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Responding to recent reform efforts, such as the Next Generation Science Standards, which call for students to learn science practices, this book proposes a conceptual reframing of the roles of teachers and students in formal and informal science learning settings. Inviting the field to examine the state of "science practice," it provides concrete examples of how students, supported by the actions of educators, take on new roles, shifting from passive recipients of information to active participants in conceptual, social, epistemic, and material features of science work. Each chapter provides an examination of how and why science practice evolves in learning communities in which students and teachers negotiate disciplinary work; an analysis of how specific pedagogical and social actions taken by someone with authority (a teacher or other educator) provides opportunities for students to shape science practices; a set of concrete recommendations for working with young students in formal and informal learning settings; and a set of suggestions and questions to catalyze future research about and the evolving relationships between educators, students, and science practices in the field of science education. Showing how and why the conceptual ideas presented are important, and providing specific, actionable suggestions for teachers and other educators for their daily work, this book includes both elementary and secondary learning sites.

Complexity Thinking in Physical Education

Author: Tim Hopper
Publisher: Routledge
ISBN: 0415507219
Format: PDF, ePub, Mobi
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This title focuses on complexity thinking in the context of physical education, enabling fresh ways of thinking about research, teaching, curriculum and learning. Written by a team of leading international physical education scholars, the book highlights how the considerable theoretical promise of complexity can be reflected in the actual policies, pedagogies and practices of physical education.

Reflective Practice for Educators

Author: Karen F. Osterman
Publisher: Skyhorse Publishing, Inc.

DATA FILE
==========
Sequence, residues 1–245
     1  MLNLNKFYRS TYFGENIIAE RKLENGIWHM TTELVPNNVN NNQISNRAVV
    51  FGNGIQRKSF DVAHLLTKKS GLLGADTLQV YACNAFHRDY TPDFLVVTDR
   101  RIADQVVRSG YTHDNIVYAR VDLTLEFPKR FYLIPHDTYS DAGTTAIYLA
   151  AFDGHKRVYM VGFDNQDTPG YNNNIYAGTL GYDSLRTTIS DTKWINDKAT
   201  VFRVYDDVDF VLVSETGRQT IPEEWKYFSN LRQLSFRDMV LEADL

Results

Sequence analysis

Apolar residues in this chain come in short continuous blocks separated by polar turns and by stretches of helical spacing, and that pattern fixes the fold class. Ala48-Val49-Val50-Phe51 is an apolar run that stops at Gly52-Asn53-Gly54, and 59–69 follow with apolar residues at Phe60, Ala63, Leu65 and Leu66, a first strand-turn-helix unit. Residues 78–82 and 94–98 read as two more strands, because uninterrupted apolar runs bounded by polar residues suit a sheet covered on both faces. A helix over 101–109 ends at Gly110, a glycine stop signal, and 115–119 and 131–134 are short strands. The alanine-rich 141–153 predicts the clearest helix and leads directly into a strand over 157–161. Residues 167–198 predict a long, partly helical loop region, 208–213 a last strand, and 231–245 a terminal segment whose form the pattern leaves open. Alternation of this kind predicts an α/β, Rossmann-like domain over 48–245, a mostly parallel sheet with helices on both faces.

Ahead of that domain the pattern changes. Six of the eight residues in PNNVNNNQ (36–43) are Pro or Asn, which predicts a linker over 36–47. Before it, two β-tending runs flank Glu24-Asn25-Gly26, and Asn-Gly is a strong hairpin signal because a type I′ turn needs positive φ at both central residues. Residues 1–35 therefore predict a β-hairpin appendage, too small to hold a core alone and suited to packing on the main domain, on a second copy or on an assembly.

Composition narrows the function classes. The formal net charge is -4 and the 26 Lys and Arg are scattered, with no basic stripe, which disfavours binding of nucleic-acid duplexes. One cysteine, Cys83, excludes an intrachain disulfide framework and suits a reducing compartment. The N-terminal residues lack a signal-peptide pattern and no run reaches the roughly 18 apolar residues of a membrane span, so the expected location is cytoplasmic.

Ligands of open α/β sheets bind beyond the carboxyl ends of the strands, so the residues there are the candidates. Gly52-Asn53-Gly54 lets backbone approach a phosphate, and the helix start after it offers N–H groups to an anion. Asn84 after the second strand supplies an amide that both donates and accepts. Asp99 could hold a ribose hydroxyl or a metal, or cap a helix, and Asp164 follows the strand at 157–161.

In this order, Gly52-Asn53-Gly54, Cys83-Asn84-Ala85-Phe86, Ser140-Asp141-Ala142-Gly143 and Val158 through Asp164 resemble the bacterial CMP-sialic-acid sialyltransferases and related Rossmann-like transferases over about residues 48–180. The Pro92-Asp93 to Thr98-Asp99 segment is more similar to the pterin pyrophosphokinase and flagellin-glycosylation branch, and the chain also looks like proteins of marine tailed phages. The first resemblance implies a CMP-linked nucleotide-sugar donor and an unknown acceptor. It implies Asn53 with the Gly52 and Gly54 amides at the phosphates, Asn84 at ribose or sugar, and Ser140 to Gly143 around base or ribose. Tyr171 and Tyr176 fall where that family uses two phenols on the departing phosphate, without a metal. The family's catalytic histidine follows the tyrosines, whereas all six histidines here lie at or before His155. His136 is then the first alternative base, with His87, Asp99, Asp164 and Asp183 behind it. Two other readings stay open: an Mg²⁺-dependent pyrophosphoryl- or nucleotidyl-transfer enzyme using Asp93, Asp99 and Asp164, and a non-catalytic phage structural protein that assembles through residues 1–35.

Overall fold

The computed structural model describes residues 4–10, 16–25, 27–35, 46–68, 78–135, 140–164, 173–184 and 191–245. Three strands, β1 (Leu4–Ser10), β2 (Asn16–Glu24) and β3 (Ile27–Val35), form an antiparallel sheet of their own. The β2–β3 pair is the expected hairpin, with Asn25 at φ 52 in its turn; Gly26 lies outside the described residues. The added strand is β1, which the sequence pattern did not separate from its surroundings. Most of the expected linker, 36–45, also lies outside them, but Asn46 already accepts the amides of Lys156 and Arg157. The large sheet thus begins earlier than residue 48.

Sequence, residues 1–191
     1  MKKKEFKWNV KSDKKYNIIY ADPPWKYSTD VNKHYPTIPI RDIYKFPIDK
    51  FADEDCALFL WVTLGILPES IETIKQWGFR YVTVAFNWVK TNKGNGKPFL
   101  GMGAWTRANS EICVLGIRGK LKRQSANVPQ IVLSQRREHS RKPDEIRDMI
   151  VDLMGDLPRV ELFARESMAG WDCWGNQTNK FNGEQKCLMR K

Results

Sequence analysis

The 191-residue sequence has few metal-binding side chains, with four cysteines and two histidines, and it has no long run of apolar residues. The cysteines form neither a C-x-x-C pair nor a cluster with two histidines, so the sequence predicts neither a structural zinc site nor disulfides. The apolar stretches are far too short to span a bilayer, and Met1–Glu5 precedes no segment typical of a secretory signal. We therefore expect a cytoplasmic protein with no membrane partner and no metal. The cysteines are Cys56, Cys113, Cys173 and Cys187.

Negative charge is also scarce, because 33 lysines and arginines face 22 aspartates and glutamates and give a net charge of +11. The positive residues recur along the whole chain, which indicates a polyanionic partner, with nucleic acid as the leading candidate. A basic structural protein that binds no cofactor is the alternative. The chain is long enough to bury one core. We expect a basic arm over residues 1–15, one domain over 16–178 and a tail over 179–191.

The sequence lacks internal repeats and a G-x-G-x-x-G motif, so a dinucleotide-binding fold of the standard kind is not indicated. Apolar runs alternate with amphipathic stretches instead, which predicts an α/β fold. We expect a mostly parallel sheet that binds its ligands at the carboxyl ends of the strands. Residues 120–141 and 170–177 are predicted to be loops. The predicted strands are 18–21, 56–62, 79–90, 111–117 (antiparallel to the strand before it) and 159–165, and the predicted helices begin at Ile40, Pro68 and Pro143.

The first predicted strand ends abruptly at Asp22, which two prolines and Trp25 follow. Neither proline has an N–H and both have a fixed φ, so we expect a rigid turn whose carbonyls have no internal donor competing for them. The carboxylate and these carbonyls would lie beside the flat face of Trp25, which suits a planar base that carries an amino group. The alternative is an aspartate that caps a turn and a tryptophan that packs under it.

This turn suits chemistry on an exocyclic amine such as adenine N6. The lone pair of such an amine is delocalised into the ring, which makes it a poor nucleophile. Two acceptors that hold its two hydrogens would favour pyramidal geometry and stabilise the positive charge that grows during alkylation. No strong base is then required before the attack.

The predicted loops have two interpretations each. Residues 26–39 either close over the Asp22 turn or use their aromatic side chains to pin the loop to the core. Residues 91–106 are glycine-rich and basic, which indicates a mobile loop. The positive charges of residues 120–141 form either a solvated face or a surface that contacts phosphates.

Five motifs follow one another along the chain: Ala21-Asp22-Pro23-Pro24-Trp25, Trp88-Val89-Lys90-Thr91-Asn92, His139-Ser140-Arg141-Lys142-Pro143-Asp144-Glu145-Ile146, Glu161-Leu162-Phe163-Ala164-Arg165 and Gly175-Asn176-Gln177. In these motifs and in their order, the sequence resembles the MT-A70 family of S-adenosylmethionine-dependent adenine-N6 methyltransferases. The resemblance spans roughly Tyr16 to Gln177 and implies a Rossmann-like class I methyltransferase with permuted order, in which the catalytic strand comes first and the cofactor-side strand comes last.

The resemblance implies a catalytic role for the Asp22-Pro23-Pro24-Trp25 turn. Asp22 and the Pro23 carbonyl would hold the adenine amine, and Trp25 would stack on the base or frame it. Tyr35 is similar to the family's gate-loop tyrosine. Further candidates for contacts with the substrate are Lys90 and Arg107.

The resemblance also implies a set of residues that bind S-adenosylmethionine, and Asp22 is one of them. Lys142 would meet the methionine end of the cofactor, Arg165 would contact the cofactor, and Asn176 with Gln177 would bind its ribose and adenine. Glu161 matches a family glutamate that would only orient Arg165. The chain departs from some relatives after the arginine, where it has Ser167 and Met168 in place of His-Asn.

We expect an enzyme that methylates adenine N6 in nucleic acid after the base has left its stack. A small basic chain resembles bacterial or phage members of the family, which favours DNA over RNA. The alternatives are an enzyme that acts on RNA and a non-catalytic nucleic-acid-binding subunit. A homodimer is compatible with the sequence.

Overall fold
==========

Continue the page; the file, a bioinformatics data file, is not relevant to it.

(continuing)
ISBN: 1632209845
Format: PDF
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Written for teachers, administrators, and professional development specialists in schools and universities, this book is an educators’ guide to reflective practice. In clear, accessible language, the authors explain the potential to create meaningful change in schools and show you how to integrate reflective practice effectively into the daily work of schools. The book: - Explains reflective practice as a professional development strategy and its importance for school reform - Offers ideas and practical strategies to facilitate collaborative, data-based inquiry, dialogue, and problem-solving in schools - Describes reflective practice in action and illustrates its power to create meaningful change in classrooms - Shows how reflective practice is an important step in creating professional learning organizations Reflective practice has the potential to renew your sense of optimism, commitment, and efficacy as you learn how to support meaningful professional growth, shape a culture of learning, and make important changes in students’ learning.

Reframing Writing Assessment to Improve Teaching and Learning

Author: Linda Adler-Kassner
Publisher: Utah State University Press
ISBN: 9780874217988
Format: PDF, Mobi
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Adler-Kassner and O'Neill show writing faculty and administrators how to frame discussions of writing assessment so that they accurately represent research-based practices, and promote assessments that are valid, reliable, and discipline-appropriate. Public discourse about writing instruction is currently driven by ideas of what instructors and programs “need to do,” “should do,” or “are not doing,” and is based on poorly informed concepts of correctness and unfounded claims about a broad decline in educational quality. This discussion needs to be reframed, say Adler-Kassner and O'Neill, to help policymakers understand that the purpose of writing instruction is to help students develop critical thinking, reading, and writing strategies that will form the foundation for their future educations, professional careers, and civic engagement. Reframing Writing Assessment to Improve Teaching and Learning is grounded in the best of writing assessment research, and focuses on how to communicate it effectively to publics beyond academe.